Howard Schmidt: Yeah, I think there’s a few things. One, of course, and it’s one that’s been discussed longer than anything else, and that’s the power of procurement and helping set requirements of saying, okay, if we’re gonna buy software that gives us the ability to do word processing or a Web server or something like that, that we basically set the requirements with the supplier that says in addition to have all the really rich and robust features that we have out there, you also have to do things like source code analysis. You also have to do sort of threat scenarios built into it and the ability to go back and say in a normal, closed environment, this may be the greatest thing in the world, but we don’t live in a closed environment. We live in an environment where accessibility is key to success, whether it’s a business or a government, so we have to take into account that people will try to do things like buffer overruns. People will scan for cross-site scripting, so setting your requirements and making sure that they understand, build to a better secure specification while keeping the same capabilities is gonna be key to it.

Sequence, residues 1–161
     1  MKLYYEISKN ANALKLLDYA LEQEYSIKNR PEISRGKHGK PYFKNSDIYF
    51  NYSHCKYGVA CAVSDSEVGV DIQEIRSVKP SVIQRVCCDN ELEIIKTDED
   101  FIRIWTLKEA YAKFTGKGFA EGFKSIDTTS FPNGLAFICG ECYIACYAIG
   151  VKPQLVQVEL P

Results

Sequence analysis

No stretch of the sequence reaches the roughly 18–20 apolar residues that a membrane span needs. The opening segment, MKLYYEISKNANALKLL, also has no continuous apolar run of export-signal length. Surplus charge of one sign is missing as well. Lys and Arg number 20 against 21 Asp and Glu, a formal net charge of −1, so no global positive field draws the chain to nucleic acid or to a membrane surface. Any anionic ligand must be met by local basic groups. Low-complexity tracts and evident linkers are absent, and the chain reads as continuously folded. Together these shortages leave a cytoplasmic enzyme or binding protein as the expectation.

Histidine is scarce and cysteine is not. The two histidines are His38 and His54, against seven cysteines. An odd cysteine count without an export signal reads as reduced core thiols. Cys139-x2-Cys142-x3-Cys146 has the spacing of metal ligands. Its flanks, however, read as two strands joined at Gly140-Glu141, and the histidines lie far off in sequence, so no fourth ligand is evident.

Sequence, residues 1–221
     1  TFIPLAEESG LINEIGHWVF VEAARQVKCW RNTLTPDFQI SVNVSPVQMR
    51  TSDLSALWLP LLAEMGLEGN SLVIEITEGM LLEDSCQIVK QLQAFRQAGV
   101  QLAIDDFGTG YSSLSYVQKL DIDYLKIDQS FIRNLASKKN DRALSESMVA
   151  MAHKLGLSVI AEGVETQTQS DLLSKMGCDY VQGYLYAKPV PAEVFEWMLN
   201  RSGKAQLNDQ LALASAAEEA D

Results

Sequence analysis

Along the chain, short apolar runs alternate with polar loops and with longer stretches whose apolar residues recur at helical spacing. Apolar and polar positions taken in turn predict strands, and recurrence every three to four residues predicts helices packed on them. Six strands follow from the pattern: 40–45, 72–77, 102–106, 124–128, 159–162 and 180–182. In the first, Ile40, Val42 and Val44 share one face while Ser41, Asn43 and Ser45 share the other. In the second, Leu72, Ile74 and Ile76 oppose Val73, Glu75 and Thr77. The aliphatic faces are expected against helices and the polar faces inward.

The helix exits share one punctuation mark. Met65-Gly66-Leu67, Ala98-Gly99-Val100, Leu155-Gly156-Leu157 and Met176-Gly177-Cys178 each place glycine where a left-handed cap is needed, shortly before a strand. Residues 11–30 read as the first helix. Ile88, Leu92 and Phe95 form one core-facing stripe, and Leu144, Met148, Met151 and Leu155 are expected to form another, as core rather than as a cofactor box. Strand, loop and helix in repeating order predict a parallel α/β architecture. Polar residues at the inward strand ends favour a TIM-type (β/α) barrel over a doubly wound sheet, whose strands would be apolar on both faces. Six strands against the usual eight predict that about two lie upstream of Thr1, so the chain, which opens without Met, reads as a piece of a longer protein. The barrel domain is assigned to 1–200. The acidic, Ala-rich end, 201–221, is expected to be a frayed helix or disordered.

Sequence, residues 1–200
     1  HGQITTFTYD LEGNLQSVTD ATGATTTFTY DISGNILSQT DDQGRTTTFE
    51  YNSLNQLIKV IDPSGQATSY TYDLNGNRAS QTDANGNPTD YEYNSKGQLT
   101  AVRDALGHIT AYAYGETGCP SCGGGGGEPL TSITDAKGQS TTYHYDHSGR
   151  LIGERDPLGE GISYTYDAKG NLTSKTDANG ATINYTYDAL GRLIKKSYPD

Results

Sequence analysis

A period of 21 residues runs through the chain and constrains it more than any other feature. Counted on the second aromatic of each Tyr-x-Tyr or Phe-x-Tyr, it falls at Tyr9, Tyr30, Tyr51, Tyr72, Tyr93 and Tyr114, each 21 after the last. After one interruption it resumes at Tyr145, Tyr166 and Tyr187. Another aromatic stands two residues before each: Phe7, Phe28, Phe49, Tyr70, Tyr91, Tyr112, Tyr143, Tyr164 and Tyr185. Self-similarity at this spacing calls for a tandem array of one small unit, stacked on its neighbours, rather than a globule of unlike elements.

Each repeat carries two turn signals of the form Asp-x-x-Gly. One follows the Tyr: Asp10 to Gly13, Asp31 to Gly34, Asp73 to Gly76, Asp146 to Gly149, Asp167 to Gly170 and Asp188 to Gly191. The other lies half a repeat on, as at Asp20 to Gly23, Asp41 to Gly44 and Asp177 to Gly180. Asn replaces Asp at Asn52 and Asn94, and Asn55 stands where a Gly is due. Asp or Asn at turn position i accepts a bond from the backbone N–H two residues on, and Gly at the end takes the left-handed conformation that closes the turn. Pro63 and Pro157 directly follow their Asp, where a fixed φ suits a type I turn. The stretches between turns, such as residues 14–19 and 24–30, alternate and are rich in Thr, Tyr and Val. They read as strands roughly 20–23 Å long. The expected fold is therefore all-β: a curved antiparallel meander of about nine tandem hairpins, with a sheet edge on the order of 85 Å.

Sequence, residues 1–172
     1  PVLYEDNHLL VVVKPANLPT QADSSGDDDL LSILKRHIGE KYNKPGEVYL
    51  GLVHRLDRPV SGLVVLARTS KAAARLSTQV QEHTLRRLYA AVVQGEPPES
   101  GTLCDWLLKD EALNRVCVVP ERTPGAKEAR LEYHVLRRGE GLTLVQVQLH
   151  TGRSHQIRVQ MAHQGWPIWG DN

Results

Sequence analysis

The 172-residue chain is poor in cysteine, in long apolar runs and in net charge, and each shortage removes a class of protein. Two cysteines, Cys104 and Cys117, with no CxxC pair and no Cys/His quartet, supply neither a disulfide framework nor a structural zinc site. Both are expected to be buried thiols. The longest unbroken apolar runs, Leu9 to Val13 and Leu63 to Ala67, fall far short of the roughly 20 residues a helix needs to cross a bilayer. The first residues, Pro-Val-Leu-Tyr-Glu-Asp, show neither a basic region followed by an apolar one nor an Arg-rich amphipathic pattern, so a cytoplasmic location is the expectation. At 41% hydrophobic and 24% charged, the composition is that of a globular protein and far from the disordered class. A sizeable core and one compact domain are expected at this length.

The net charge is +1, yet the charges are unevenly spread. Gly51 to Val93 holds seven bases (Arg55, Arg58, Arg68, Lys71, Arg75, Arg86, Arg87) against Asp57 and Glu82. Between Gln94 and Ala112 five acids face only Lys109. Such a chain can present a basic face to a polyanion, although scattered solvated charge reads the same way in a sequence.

The second piece is I think the businesses fully understand that while richness and robustness of the products and stuff is also part of a business, and part of a business in today’s environment is to be able to provide that, so they have the business processes in place where they can go to a customer, be it a government or private sector, and say, “Not only here’s the capabilities we give you, but we, indeed, have done those things whether it’s based on requirements from a customer or whether it’s the fact that here’s the best practices that we now see,” and we see this all over the place. When you see major companies and even small/medium-size companies using a more disciplined process in development of applications and source code protection, the ability of the testing and the robustness they have in there. And so, that’s sort of the second piece. The third piece is sorta the combination of the two. Even after there’s a deployment, even after something’s built, there still had to be that constant monitoring, the constant testing that we have. And for the government, of course, with FISMA, the Federal Information Security Management Act, and having the idea of constant monitoring, we’re able to see things.